The descendants of Irene Corbett believe that the 30-year-old teacher sacrificed her life to save others. It's one of the many ways this remarkable figure bucked tradition and forged her own trail.
Read more about Irene at the link in our bio!...
"We must have done something right, cause you guys kept coming back."
@bluepelatedinerslc, one of Salt Lake's signature spots for everyone from hungover college kids to vegan food lovers, will be closing its doors this May after more than two decades of service. It's the latest casualty in a brutal year for the restaurant industry.
Head to the link in our bio for a tribute to Blue Plate Diner. (And keep supporting your favorite local restaurants. ❤️)...
A business is never more than the sum of its people: the ones who meet you, greet you, help you make the smartest purchase decisions.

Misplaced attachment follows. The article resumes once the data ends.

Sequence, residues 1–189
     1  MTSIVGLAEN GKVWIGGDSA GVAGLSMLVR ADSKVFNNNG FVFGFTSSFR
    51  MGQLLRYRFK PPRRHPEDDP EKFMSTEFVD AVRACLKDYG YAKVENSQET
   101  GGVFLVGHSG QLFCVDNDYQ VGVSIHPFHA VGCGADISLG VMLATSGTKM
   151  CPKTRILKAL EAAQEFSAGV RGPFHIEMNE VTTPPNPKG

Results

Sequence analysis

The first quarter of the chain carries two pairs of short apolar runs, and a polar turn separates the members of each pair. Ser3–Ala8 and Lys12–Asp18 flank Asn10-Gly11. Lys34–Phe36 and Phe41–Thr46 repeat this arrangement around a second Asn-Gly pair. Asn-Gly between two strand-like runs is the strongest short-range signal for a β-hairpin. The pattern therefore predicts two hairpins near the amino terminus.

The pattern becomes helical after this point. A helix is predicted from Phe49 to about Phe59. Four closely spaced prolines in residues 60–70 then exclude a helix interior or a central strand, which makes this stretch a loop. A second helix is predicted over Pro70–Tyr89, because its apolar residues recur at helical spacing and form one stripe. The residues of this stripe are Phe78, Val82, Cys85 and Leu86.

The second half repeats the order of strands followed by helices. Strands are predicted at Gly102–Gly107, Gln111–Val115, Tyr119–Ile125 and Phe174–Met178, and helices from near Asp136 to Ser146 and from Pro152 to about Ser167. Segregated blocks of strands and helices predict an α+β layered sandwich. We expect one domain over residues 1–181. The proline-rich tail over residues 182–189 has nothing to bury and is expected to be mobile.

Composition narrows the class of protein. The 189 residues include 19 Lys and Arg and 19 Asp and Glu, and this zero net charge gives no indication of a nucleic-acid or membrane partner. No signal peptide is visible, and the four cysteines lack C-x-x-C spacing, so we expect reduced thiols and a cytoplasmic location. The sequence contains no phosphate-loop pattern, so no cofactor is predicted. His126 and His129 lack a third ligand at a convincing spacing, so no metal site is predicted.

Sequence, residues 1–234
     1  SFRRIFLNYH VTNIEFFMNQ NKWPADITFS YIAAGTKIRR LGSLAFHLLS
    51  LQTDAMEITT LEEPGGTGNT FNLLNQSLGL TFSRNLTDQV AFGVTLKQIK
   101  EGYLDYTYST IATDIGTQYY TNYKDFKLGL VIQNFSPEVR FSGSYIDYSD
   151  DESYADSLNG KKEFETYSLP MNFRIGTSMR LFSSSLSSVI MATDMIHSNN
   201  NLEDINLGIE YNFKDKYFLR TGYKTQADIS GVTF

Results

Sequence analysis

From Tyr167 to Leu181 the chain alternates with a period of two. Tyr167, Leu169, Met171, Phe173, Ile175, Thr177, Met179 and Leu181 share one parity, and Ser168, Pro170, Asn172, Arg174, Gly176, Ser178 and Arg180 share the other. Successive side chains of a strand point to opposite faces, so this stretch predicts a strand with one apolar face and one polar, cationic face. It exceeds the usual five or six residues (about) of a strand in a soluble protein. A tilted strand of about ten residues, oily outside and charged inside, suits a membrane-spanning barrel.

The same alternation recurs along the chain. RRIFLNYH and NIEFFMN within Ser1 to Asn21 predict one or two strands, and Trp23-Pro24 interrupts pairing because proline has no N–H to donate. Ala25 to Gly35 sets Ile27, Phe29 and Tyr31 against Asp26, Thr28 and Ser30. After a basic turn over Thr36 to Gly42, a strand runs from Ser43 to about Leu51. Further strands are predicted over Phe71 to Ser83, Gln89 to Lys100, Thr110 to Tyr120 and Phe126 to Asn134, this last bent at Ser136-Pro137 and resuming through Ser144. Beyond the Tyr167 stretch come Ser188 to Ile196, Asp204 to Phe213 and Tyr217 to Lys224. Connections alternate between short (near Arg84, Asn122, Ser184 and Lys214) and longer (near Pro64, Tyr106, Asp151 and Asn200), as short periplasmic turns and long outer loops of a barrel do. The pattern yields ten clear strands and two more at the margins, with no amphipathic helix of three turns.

Meet the people who make Salt Lake City work:
Lindsay Breinholt, CNM / WHNP @skinspiritslc
Amy Crawley, Founder @parkwayavenuedesign
Candice Itokazu, General Manager @luciennesalon.medspa.boutique
Tobi Roberts, CEO & Co-Founder @citycreekmortgage
Dave Turja, General Manager @kengarff
Read all of these Utah Faces & Places at the link in our bio! ❤️
Tony Caputo, a food evangelist and founding father of today’s SLC food community, passed away last night.
Tony started @caputosmarket in 1997, bringing his passion for the cuisine of his heritage to Utah tables. Most days during the lunch rush you’d find Tony behind the counter slicing meat and cheeses and then, after it wound down, holding court out front. He’d often rush back behind the counter and holler over his shoulder, “you have to try this!" only to return with a sample bite of veiny cheese, a paper-thin leaf of prosciutto or a perfectly crisp amaretti cookie that he’d recently added to his menagerie of taste. For his many contributions to Salt Lake City, we awarded Tony with a Lifetime Achievement Dining Award in 2007.
Today, we're sending love to @caputosmarket and the many people whose lives were touched by Tony. A full tribute is on our website now. ❤️...